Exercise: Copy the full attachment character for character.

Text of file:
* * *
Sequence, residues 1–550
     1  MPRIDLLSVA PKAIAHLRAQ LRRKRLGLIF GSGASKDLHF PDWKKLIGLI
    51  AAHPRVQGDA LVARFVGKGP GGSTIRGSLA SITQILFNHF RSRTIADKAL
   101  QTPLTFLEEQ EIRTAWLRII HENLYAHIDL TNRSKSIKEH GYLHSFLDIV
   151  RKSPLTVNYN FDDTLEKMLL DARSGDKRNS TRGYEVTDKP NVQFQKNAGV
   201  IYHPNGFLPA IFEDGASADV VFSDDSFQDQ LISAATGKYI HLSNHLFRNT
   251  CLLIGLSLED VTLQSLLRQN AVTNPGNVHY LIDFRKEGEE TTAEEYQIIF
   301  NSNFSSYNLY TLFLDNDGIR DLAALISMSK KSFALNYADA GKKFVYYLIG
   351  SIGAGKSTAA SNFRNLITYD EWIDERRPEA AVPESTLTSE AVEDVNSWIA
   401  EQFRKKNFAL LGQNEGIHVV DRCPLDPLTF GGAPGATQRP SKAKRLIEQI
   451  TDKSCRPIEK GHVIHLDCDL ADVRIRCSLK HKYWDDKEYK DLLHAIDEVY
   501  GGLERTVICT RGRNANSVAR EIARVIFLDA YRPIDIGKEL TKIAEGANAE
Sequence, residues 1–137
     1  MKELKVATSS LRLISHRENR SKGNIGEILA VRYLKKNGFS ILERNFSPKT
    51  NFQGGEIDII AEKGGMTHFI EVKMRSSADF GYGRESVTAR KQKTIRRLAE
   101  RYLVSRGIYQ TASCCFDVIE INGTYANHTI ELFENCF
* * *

Sequence, residues 1–550
     1  MPRIDLLSVA PKAIAHLRAQ LRRKRLGLIF GSGASKDLHF PDWKKLIGLI
    51  AAHPRVQGDA LVARFVGKGP GGSTIRGSLA SITQILFNHF RSRTIADKAL
   101  QTPLTFLEEQ EIRTAWLRII HENLYAHIDL TNRSKSIKEH GYLHSFLDIV
   151  RKSPLTVNYN FDDTLEKMLL DARSGDKRNS TRGYEVTDKP NVQFQKNAGV
   201  IYHPNGFLPA IFEDGASADV VFSDDSFQDQ LISAATGKYI HLSNHLFRNT
   251  CLLIGLSLED VTLQSLLRQN AVTNPGNVHY LIDFRKEGEE TTAEEYQIIF
   301  NSNFSSYNLY TLFLDNDGIR DLAALISMSK KSFALNYADA GKKFVYYLIG
   351  SIGAGKSTAA SNFRNLITYD EWIDERRPEA AVPESTLTSE AVEDVNSWIA
   401  EQFRKKNFAL LGQNEGIHVV DRCPLDPLTF GGAPGATQRP SKAKRLIEQI
   451  TDKSCRPIEK GHVIHLDCDL ADVRIRCSLK HKYWDDKEYK DLLHAIDEVY
   501  GGLERTVICT RGRNANSVAR EIARVIFLDA YRPIDIGKEL TKIAEGANAE
Sequence, residues 1–137
     1  MKELKVATSS LRLISHRENR SKGNIGEILA VRYLKKNGFS ILERNFSPKT
    51  NFQGGEIDII AEKGGMTHFI EVKMRSSADF GYGRESVTAR KQKTIRRLAE
   101  RYLVSRGIYQ TASCCFDVIE INGTYANHTI ELFENCF